So you want to keep Facebook on Facebook as long as possible. For this, all messages and interaction must be as relevant as possible. As a user, Facebook can show you 1300 messages every day: you have so many friends and you like so many Facebook pages. Just think about it: it just grows. When are you ever going to delete friends or open pages? Facebook already does that for you. He chooses an average of 300 messages to show you in one day. So those are 1000 messages that Facebook does not find interesting for you. Because you never liked messages from that person, or never responded to messages from that page. This is called the Facebook Edgerank: the logarithm with which Facebook determines what is shown on your Facebook timeline.
Facebook for companies
If you keep a Facebook page, your Facebook message will be shown to just under 16 percent of your fans. So a page with 100 likes reaches 16 fans. That's you organic range. That used to be 100 percent and that is unfortunately decreasing every year. A like is increasingly worth less. A page with a lot of likes (100k) has a lower organic range.
When there is interaction on your Facebook message, your reach grows. That extra range is called viral range. Interaction in the form of likes, clicks, responses and sharing all works. With viral reach, your message also reaches friends of your fans. So the final reach can grow beyond your number of fans.
Advertising on Facebook ensures paid range. This is how Facebook earns its money. Facebook offers a bizarre amount of opportunities to target your ads to your target audience.
With marketing you want as much effect as possible at the lowest possible costs and efforts. On Facebook, this translates into ensuring a lot of interaction, so that you get a lot of viral reach, and don't have to bet on Facebook ads or not.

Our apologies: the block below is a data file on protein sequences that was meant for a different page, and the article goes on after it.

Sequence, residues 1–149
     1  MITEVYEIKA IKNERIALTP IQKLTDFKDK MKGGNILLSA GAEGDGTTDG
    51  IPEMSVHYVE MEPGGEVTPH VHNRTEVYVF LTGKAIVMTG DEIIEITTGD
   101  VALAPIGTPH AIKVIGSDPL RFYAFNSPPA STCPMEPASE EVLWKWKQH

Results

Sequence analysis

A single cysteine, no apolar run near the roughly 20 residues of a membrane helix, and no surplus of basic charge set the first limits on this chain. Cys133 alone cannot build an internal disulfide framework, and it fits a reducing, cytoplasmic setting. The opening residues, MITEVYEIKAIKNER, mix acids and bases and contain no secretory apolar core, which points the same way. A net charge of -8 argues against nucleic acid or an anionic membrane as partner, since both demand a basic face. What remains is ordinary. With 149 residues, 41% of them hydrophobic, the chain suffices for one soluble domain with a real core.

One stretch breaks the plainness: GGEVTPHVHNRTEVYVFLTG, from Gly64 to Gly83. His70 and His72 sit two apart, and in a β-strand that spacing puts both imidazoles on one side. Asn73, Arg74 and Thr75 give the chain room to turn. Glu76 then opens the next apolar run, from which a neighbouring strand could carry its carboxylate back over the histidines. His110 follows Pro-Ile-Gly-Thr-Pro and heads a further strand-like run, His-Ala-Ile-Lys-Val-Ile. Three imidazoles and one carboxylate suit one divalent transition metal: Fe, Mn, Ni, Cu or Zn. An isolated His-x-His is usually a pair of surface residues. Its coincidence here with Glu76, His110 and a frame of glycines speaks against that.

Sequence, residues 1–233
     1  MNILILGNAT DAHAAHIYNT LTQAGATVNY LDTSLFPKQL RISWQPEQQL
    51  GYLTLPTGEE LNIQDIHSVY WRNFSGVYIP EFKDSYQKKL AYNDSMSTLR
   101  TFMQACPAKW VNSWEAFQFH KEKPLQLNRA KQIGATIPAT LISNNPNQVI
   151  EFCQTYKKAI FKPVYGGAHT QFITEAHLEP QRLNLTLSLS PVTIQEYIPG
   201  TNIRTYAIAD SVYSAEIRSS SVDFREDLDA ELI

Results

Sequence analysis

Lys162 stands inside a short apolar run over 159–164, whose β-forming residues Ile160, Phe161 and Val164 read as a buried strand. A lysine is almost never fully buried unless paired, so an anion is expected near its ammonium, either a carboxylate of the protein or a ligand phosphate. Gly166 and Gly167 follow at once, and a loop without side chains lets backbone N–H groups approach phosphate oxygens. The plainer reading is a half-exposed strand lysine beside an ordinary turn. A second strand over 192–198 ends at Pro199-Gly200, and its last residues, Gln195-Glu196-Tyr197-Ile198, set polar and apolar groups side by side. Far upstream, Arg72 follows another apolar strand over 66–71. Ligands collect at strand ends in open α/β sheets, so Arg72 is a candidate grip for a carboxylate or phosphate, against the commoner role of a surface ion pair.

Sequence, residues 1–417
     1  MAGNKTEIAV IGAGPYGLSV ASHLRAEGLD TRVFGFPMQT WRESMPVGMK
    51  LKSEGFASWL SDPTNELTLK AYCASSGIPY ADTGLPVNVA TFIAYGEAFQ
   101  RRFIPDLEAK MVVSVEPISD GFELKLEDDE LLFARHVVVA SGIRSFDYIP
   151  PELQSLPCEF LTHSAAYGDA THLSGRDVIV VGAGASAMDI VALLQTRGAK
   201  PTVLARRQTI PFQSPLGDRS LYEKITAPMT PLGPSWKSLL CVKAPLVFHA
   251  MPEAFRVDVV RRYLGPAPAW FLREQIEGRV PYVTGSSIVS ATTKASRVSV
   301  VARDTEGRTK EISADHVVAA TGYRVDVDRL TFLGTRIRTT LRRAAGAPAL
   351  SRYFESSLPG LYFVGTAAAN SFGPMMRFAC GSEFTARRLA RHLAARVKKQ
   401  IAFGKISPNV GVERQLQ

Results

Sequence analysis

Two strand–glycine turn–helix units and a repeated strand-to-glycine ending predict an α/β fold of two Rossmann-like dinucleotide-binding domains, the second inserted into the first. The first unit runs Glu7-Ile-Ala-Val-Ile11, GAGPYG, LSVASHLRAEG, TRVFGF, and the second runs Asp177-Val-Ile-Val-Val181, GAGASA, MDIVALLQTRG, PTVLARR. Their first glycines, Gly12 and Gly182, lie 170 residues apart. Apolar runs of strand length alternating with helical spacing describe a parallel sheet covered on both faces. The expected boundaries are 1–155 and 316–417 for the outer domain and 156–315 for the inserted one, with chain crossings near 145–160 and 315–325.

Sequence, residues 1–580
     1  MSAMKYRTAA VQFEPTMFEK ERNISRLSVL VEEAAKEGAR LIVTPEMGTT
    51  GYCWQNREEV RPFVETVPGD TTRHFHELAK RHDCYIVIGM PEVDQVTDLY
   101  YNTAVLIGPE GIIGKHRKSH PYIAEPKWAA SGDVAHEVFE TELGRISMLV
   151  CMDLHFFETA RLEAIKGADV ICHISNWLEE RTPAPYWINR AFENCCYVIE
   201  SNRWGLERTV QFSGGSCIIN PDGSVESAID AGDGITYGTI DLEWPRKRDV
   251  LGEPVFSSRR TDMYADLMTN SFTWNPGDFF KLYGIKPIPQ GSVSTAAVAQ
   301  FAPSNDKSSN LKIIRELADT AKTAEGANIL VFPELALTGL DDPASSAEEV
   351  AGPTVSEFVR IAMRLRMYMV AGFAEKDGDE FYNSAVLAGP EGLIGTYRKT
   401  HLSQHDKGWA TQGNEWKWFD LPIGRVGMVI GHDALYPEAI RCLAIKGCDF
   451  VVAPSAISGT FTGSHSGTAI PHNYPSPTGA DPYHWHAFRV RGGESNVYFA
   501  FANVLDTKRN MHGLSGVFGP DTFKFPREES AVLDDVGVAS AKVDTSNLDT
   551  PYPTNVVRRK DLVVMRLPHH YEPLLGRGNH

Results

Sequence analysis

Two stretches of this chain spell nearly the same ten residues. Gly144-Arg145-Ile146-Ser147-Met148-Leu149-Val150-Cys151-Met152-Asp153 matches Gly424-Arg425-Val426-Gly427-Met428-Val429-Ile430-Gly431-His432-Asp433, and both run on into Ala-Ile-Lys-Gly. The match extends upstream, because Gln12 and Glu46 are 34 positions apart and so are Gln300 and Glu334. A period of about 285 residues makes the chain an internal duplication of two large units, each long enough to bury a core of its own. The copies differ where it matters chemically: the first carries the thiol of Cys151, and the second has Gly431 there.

But reach is not yet equal to turnover. It is about what Facebook does in the customer journey of your customers. The buying process is another name for the customer journey. This consists of: awareness, interest, purchase and service. Facebook can add value at any time during the buying process, for example:
- Addressing new people (awareness)
- Keeping in touch with your target group (interest).
- Encourage shopping visits through promotions (purchase)
- Answering customer questions and helping to make better use of the products (service)
Now I view Facebook primarily as a promotional tool. But Facebook can also be part of your product or service.
Facebook as a product
Facebook has become an important communication channel for an NS: stranded travelers expect up-to-date information. The AH inspires on Facebook with new recipes. And a Libelle gives fun facts and tips ... just like they do in their paid magazine. In this way Facebook has become part of the total product. Facebook is used to make the lives of customers easier and more enjoyable.
A step back: Today's consumers are more digital: so consumption and products are also becoming more digital. Do your customers pay for information, such as at a travel agency? Then your customers look for that more and more online. If they don't find it with you, then elsewhere online, and often for free. That is why you distinguish yourself as a company less and less on physical product level and more on (online) service level. And Facebook is increasingly becoming a part of that.
That is a question that you must complete for your own company. There are enough reasons to start on Facebook, but whether it actually works depends on how you approach it. The most important question is: does my customer expect me on Facebook? What do I make his or her life better with?
Source image: The Art of Facebook, by mkhmarketing.wordpress.com